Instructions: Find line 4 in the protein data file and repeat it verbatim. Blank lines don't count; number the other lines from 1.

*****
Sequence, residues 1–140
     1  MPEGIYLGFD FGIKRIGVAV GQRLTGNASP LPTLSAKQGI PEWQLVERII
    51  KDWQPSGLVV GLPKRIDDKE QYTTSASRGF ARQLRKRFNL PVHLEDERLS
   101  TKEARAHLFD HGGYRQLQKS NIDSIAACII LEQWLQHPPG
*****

   101  TKEARAHLFD HGGYRQLQKS NIDSIAACII LEQWLQHPPG